‘70 species of waterfowl found at 99 sites along Maharashtra coast’
A two-year study by researchers at the Bombay Natural History Society (BNHS) has recorded a total 70 species of waterfowl, including nine threatened species, at 99 monitoring sites, spread over Maharashtra’s 702-kilometre coastline.
Between 2017 and 2019, BNHS conducted a study with the state forest department’s mangrove cell to assess the migratory routes and habitat preferences of water birds wintering along the Maharashtra coast. The study also categorised Maharashtra’s coastal wetlands, which make up 10% of the state’s total wetland area, based on the number of birds observed during the study period. “Of the 99 sites monitored, seven supported over 1,000 water birds, six supported 500 to 1,000 water birds and six others supported 300 to 500 water birds during one or more survey periods,” says the report, a copy of which is with HT.
The list of recorded species includes nine from the International Union for Conservation of Nature’s (IUCN) red list of threatened species. These are the Great Knot (which is the only endangered species in the survey); the Asian Woollyneck and Indian Skimmer (categorised as vulnerable); the Black-tailed Godwit , Curlew Sandpiper, Black-headed Ibis, Eurasian Curlew, Eurasian Oystercatcher and Lesser Flamingo (categorised as near-threatened). The study recommends continuous monitoring of all sites “in order to understand the seasonality of use of these sites”.
Virender Tiwari, additional principal chief conservator of forests (mangrove cell), described BNHS’s findings as “pertinent” and said, “The wildlife department has tabled a proposal with the state to monitor not just coastal wetlands, but all wetlands in the state. The budget for this second study is ₹2.77 crore. We are awaiting in-principle approval.”
Of the sites, Akshi beach in Raigad is described as “very important” for “staging and wintering migratory shorebirds” since over 5,000 shorebirds have been counted here. The Great Knot was sighted at Akshi. All monitoring sites outside of the Mumbai bay area recorded consistent numbers during the study period.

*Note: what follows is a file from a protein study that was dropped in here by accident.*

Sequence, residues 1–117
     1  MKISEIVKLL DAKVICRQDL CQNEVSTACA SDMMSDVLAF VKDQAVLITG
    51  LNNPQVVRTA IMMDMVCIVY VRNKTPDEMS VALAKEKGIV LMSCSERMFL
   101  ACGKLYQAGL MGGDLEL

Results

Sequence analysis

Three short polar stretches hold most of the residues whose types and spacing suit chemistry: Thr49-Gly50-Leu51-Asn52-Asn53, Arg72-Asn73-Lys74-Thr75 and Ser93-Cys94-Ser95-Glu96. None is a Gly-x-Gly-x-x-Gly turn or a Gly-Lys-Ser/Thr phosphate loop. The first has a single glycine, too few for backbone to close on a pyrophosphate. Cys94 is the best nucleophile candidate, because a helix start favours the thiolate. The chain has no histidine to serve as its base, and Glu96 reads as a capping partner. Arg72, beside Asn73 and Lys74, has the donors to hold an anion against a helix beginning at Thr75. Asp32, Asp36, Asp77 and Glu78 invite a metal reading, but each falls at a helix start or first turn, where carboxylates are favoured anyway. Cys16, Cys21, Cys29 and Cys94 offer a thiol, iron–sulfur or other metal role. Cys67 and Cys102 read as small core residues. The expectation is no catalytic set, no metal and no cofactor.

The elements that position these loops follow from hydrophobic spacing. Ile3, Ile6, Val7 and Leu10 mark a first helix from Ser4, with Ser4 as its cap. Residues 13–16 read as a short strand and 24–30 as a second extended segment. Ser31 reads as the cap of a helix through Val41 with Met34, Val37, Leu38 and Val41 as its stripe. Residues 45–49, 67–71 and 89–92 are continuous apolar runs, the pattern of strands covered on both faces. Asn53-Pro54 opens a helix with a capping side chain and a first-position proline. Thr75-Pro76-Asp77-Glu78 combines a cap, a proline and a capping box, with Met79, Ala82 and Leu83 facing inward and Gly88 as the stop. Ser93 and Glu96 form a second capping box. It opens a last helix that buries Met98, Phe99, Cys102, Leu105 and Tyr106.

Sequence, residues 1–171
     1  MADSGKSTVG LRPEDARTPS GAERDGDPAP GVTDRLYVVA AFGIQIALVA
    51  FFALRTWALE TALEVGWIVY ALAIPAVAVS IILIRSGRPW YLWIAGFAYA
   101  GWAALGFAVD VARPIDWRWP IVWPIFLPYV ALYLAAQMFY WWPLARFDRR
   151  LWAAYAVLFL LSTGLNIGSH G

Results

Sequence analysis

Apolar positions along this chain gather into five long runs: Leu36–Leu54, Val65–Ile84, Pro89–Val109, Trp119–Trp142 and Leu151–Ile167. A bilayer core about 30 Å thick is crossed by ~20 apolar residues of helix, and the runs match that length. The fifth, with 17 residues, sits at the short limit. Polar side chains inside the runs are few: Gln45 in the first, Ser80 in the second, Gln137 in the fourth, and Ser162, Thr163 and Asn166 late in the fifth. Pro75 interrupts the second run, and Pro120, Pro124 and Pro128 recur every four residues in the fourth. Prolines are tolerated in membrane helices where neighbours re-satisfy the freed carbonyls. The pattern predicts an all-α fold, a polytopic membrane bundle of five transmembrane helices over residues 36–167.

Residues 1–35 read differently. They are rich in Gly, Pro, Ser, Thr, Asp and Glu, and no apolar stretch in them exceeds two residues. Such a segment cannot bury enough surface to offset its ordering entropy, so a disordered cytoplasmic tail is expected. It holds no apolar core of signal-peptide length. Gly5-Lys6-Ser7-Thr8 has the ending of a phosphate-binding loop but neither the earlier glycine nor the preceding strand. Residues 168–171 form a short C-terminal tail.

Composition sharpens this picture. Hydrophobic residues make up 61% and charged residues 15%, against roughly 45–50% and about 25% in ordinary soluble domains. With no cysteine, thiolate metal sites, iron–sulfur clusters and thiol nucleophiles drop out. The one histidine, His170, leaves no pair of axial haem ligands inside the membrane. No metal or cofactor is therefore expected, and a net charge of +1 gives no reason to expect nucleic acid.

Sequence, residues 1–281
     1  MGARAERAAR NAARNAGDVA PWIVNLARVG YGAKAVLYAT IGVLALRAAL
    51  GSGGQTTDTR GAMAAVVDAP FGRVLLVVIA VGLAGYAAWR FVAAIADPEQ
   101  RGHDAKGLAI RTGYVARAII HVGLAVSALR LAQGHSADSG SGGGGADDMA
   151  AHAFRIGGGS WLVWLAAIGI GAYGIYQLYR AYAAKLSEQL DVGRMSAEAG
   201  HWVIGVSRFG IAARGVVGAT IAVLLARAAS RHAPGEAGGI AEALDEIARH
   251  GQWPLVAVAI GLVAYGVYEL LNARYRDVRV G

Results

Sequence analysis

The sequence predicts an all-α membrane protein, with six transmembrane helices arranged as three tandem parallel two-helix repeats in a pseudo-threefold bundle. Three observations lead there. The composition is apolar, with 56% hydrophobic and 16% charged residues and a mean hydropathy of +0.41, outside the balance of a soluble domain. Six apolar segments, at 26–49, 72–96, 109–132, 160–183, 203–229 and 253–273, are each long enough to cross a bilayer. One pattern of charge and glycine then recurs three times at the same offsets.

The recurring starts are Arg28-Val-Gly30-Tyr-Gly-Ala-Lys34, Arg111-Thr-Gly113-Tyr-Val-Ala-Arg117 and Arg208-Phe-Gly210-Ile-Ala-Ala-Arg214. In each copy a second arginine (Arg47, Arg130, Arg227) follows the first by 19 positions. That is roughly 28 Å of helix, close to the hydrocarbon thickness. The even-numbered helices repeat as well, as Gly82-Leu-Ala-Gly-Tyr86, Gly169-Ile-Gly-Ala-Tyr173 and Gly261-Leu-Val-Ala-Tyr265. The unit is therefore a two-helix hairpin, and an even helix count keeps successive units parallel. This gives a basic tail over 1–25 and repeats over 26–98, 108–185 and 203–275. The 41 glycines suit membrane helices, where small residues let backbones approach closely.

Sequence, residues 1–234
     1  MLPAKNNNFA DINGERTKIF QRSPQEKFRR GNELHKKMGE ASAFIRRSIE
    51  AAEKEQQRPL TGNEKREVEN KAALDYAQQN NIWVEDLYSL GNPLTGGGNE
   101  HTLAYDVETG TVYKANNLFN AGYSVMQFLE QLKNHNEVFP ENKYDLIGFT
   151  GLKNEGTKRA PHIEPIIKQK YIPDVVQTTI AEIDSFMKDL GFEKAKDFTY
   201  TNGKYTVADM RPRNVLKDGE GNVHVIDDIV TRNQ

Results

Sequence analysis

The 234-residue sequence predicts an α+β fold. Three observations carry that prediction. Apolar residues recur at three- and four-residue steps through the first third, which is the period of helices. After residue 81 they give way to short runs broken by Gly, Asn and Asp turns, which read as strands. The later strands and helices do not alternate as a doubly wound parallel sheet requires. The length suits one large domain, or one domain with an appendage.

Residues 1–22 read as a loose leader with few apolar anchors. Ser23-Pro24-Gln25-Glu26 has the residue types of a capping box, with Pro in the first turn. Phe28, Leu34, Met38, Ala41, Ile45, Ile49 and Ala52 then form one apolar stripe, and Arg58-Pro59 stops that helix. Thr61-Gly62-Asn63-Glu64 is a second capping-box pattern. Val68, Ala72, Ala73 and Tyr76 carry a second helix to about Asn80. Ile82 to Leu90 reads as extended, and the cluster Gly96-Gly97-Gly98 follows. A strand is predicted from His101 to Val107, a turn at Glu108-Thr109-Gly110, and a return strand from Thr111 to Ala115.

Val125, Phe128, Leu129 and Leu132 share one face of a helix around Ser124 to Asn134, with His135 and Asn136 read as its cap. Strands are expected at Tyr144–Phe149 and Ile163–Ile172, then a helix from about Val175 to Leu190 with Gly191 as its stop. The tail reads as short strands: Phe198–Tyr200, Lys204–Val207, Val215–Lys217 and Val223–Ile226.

At monitoring sites located within the Mumbai bay area, researchers recorded substantially larger flocks of water birds, but their counts varied drastically over the course of the study period. For example, Panje wetlands recorded about 2,500 water birds in December 2017, but no birds were recorded in October 2018 “due to high water level and disturbance”. Then, in December 2018, the count rose to over 12,000 water birds. Researchers have attributed these fluctuations to causes originating in human activity, like fishing or land reclamation. At Sewri jetty, for example, the number of visiting birds was impacted by the construction of the trans harbour link, which began during the study period.
Coastal wetlands in Maharashtra are important habitats for water-birds migrating along the Central Asian Flyway, an umbrella term that comprises multiple migratory routes spanning 30 countries between Siberia (in the north), west and south Asia, and the British Indian Ocean Territory.
“Inland and coastal wetlands of Maharashtra act as refuelling stations for birds that migrate further south and also during their return migration to the breeding sites... As they are the critical bottleneck sites for migratory birds, protecting such sites is of immense importance,” the report states.
Researchers at BNHS who worked on this study were not reachable for comment.